Nutmeg saved her old dog, Ezra’s life today. From all the way across the front yard and down across the street!
Ezra, Nutmeg’s beloved 12 year old boxer, got out the front door and wandered across the street, before Nutmeg had a chance to realize. With four kids and a busy house, it happens. But Nutmeg did see Ezra in time to watch the speeding car heading straight for her, as she was about to step into the street.
Nutmeg did what we all would have done in that instant. She screamed for her dog to stop. But that’s not what saved Ezra. Because, you see, Ezra is mostly deaf and couldn’t hear the scream. What saved her was that Nutmeg had also taught Ezra hand signals along with the verbal commands. Ezra saw Nutmeg’s hand signal to stay. And she did exactly that.
Having raised a deaf Aussie, I also had to find a way to communicate with her. Since I’d already learned a fair amount of sign language, it was no problem to create signals that cover all the kinds of conversations I’d want to have with her. I still use a lot of sign language with both my dogs today. It’s convenient for those times like now, when I have bronchial pneumonia and can’t talk without coughing. And it’s always convenient to use when my dogs are at a distance and they may not hear me.
Until I have the energy to do a full post, here are a couple of great links and a short video to get you started:
Hand Signals on Dog Obedience Training
Remember, there are the basic obedience hand signals for sit, down, stay, and heel. These are always used in the same way by everyone. And then there are deaf-dog sign language commands that may be varied, depending on who’s using them. Once you decide what the signal is going to be for the command, it’s important that you stick with that so you don’t wind up confusing your dog.
Not only are these hand signals super easy to teach — as Nutmeg found out, they can be life-saving to know.
12 thoughts on “Teach Your Dog Hand Signals and Save Her Life”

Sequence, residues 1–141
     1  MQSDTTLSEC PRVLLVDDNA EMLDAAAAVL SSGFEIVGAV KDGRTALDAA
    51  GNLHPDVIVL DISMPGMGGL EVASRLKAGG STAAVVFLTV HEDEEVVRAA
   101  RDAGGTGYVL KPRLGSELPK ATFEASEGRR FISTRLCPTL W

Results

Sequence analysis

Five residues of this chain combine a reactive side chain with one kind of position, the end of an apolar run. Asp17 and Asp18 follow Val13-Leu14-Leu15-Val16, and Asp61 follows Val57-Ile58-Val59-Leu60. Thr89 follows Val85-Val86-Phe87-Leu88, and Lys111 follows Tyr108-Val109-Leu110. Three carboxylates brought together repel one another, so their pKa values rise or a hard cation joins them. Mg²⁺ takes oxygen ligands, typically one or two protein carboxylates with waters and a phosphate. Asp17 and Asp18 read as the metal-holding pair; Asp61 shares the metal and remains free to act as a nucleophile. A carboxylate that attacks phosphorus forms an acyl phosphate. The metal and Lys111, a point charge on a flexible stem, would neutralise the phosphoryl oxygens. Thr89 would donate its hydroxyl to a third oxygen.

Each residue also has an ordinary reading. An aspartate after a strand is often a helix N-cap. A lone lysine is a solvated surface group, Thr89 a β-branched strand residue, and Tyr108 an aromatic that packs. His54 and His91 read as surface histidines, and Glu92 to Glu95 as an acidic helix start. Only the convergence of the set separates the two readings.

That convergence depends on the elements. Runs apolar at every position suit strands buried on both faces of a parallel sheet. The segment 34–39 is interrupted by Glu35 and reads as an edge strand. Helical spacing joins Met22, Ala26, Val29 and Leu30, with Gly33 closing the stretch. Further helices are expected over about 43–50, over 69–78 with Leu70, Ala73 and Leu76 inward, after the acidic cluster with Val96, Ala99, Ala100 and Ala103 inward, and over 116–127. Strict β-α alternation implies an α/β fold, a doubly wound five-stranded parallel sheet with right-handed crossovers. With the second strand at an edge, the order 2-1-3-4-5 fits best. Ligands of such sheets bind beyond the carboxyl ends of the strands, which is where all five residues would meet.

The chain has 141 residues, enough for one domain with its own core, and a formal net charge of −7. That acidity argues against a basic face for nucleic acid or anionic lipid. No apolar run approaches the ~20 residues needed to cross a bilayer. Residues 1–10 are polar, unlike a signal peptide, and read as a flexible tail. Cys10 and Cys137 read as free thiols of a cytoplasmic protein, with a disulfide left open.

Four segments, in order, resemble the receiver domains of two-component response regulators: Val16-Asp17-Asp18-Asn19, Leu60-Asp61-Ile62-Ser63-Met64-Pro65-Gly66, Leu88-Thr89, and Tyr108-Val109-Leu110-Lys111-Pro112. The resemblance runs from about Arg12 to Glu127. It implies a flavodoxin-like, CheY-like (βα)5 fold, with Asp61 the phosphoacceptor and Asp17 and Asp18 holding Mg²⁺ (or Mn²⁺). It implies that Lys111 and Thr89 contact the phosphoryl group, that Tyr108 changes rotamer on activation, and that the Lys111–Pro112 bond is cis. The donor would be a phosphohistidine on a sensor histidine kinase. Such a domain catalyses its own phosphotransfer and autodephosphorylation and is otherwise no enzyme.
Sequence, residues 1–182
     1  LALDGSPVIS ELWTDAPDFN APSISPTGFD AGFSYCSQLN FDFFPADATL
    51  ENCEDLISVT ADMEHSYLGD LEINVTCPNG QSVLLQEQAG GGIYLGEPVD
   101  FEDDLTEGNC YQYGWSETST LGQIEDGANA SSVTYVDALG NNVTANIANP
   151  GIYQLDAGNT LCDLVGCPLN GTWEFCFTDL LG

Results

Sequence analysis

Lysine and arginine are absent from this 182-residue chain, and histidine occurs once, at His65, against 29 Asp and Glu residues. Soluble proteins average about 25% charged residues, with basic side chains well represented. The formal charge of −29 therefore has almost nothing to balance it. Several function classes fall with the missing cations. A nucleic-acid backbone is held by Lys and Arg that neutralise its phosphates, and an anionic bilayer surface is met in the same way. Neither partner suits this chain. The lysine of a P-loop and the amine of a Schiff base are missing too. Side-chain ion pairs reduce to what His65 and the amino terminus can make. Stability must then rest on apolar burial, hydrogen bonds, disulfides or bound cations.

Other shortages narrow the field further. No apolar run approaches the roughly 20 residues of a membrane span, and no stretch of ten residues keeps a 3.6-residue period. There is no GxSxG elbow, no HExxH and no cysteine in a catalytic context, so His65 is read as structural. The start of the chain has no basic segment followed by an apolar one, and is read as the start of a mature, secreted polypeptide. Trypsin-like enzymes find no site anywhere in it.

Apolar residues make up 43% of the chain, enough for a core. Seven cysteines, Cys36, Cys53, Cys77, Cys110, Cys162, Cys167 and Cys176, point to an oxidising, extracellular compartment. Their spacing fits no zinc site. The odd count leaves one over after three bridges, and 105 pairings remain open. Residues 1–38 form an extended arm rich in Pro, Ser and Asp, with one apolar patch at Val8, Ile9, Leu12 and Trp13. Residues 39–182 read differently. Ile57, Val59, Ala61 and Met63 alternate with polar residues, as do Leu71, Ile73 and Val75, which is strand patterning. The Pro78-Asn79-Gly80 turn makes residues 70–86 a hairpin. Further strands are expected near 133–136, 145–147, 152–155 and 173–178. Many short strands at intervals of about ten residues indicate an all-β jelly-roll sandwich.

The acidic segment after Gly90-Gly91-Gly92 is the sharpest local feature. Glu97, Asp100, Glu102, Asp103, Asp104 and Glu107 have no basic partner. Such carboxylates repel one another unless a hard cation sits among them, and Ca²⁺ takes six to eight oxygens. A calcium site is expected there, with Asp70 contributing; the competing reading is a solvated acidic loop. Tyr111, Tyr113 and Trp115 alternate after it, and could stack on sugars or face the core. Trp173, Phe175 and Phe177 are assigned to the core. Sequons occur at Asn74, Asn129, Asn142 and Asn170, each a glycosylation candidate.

I always tried to teach hand signals but the only one that ever caught on was “sit.” At least that worked! Our dogs are horribly spoiled so they don’t listen too well anyways! Thanks for this interesting post!
I would never have thought about hand signals, though I’m glad Nutmeg did.
So sorry to hear you’re not well, Karen. Hope you up and about soon.
This is exactly why my handsignal for “Down” is my hand WAY up in the air like I was going to ask a question in class… you can see that FAR away as opposed to the “pointing to the floor” signal.
Wow. How scary for Nutmeg, thank goodness Ezra is okay. I hope you feel better soon Karen!
Nutmeg, I was reading your post with one hand over my eyes. I can’t tell you how relieved and happy I was for you that it had a happy ending. Ezra is such a cool dog, I imagine she’ll figure out a way to stick around for several more years.
Linda, my dogs understand my hands in three languages. My husband — maybe, almost… sometimes one. :)
I’ve always taught hand signals right along with voice commands. Sometimes I have to send a dog over 1/2 a mile and they can just about always “see” my commands (big motions work best). If only I could teach the man now:)
My girl is famous! And I’m still not fully recovered.
This is so cool. This only confirms my belief that the opportunity and ability to communicate is almost always there somewhere.